Hi there, Permaculture newcomer here looking for wisdom and suggestions regarding quacking aspen clones that have overtaken our lot.
I have an acre of land in Fairbanks, Alaska. We live in the hills, so we’re in a solid Zone 3 facing south east, no permafrost. Most of the lot has good sun and drainage, but much of it is heavily treed with big quacking Aspen as well as lots of aspen suckers that have popped up over the years. I’ve only lived here a couple of years and have no idea how old the fully grown trees are.
I discovered permaculture about 2 months ago and just learned about Aspen clones and how easily they propagate through their roots whenever they’re disturbed. I was originally planning to wood chip the small trees, cover the cleared ground in cardboard, straw, newspaper, etc to help rot out the roots/kill weeds, and then plant companion plants next summer. Knowing what I know now about aspens…this doesn’t appear to be the right way to go.
So what are my options here? If I decide to start thinning them out, am I destined to years of continuous mowing down of suckers in hopes that they’ll eventually give up? Would planting over them with a fast growing ground cover help or hinder them from coming back? Should I girdle some of them this spring and wait a few years for them to die before cutting down? Should I leave them be and just plant whatever companions I can around them? I don’t wish to clear cut all of the grown aspens, but would love to be able to utilize the land!
Girdling, mulching, and thinning aren't going to get you much of anywhere on an established Aspen grove. The roots will keep spreading and the suckers will keep popping up. All of the trees share a single root system, so no matter how hard you try, the grove will use energy from its full grown trees and just keep on trucking. You need to pull out the root systems and install an underground barrier (like a concrete wall) to stop aspens from spreading. The only other way of control I know of that works is overshadowing the grove with a faster growing species like lodgepole pine, which would make the plot fairly useless for growing anything else.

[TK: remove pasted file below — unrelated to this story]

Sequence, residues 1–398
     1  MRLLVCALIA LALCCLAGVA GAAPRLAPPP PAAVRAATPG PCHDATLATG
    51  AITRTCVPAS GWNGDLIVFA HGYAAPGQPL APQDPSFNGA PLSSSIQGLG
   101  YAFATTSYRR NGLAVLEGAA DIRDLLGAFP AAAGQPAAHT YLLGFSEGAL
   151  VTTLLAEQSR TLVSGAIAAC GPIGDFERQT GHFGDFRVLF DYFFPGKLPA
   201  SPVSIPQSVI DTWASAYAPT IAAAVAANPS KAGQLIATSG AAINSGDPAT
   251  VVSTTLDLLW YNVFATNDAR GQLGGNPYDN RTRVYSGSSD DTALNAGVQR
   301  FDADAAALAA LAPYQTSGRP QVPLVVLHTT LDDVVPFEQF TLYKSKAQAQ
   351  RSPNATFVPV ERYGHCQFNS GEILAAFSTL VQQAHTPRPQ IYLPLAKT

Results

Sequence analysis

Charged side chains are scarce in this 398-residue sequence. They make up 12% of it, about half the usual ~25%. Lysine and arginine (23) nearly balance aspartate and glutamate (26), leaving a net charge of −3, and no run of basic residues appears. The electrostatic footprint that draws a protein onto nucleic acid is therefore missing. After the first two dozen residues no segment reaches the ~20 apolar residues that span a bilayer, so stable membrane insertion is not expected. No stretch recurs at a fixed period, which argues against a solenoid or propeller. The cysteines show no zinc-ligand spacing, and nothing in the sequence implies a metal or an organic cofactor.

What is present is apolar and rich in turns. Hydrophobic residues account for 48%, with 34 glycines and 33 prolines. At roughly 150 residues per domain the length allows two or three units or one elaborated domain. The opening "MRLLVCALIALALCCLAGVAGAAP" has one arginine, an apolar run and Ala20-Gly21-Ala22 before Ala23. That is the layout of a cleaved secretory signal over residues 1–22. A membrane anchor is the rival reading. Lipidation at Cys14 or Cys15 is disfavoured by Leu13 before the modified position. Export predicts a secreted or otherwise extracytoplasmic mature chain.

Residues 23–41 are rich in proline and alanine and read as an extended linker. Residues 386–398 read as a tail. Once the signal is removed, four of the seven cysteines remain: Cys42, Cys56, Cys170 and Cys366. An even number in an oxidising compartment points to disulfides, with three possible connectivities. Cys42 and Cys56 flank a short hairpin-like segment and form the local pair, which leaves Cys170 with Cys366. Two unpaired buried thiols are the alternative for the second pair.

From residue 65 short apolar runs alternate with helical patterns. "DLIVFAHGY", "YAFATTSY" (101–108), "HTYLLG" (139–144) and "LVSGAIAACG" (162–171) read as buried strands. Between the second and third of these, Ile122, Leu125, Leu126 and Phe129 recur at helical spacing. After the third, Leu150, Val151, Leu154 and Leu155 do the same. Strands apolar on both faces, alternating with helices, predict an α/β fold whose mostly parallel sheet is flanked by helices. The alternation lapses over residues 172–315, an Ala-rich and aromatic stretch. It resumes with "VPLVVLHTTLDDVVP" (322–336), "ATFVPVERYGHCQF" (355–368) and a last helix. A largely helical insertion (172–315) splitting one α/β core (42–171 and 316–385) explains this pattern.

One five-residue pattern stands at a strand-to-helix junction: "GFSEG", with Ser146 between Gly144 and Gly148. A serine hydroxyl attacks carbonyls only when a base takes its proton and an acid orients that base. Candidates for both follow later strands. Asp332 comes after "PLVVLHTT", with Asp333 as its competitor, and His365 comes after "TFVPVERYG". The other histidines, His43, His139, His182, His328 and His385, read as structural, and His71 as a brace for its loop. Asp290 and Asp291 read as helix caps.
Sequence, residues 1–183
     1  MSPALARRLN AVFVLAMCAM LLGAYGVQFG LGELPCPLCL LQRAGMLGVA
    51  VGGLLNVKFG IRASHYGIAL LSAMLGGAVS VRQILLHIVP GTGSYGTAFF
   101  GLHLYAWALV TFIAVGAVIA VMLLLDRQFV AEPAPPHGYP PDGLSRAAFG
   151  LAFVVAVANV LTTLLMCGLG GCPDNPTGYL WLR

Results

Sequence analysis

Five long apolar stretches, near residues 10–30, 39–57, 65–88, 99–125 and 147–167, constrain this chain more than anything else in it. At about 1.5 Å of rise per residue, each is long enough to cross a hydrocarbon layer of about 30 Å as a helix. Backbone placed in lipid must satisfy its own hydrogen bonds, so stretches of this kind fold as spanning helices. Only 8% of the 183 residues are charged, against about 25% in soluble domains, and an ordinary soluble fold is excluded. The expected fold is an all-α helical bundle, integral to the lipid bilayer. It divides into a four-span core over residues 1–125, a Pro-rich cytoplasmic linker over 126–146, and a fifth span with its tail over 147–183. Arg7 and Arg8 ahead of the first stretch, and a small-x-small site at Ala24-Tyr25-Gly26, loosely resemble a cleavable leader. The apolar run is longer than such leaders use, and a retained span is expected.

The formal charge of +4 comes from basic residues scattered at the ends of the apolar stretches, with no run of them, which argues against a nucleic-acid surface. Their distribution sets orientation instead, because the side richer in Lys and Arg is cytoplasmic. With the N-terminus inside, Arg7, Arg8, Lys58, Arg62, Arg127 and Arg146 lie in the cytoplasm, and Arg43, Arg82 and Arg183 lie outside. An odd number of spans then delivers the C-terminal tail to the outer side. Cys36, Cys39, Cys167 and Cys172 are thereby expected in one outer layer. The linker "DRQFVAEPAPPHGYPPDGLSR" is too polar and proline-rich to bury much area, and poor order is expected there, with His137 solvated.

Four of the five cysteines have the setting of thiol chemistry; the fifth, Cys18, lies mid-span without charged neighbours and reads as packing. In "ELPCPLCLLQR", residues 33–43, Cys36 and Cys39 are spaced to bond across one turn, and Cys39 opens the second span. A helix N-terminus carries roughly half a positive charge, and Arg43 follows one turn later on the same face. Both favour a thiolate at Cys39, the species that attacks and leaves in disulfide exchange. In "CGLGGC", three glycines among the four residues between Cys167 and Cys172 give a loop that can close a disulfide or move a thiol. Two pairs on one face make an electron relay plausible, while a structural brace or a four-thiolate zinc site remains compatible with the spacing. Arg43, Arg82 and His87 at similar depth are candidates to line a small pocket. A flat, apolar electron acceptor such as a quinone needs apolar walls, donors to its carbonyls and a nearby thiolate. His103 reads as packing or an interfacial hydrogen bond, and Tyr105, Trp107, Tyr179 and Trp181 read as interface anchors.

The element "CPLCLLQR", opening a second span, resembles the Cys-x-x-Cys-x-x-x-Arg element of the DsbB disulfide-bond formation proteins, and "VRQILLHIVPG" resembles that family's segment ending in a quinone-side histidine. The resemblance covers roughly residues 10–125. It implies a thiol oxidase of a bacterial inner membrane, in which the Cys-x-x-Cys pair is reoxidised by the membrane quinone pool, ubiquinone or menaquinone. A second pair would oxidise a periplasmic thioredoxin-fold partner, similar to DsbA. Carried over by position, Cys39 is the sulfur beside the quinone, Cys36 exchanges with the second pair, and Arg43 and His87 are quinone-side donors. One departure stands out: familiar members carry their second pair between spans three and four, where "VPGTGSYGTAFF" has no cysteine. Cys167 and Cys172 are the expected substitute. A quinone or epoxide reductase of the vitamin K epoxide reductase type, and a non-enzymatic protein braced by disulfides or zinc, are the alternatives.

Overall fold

When people ask me for advice with aspens, I tell them not to plant them near any kind of structure or land I wish to use. Best of luck!
I know only one person that ever got rid of quaking aspen completely and it took him about 4 years to do it.
You would have to cut all quaking aspens for the start, then you have to use cable and chains to pull the roots out of the ground.
You will need either a 4 wheel drive vehicle or bull dozer to do this with.
Next year you should only have to use the cables and chains to pull out more roots that have shown where they are by sending up water sprouts.
Repeat until there are no more water sprouts coming up from the left behind roots.
Optionally you could use the cable and chain to pull all the little ones out by the roots and leave the big ones for fire wood cutting as needed.
You can always try to exhaust the trees by constantly cutting down anything that sprouts up.
I'm in the third year of doing this with wild blackberry canes and so far, I appear to be winning the battle, even if it is slow going.
(I succeeded with doing this with the sumacs, but I also ripped out a few dozen, roots and all with my Jeep and a cable.)
Yes, I think I'll be attemping that and just start much smaller than planned this summer; cutting the small ones that have sprouted nearest to the house and try keeping them at bay. In the meantime we can at least remove the dead trees from the rest of the land. Not sure that we'll be on this property long enough to attempt an all out clear cut. They really are beautiful trees and I imagine the majority of buyers would prefer a forest of aspen over an empty lot :) Thanks Redhawk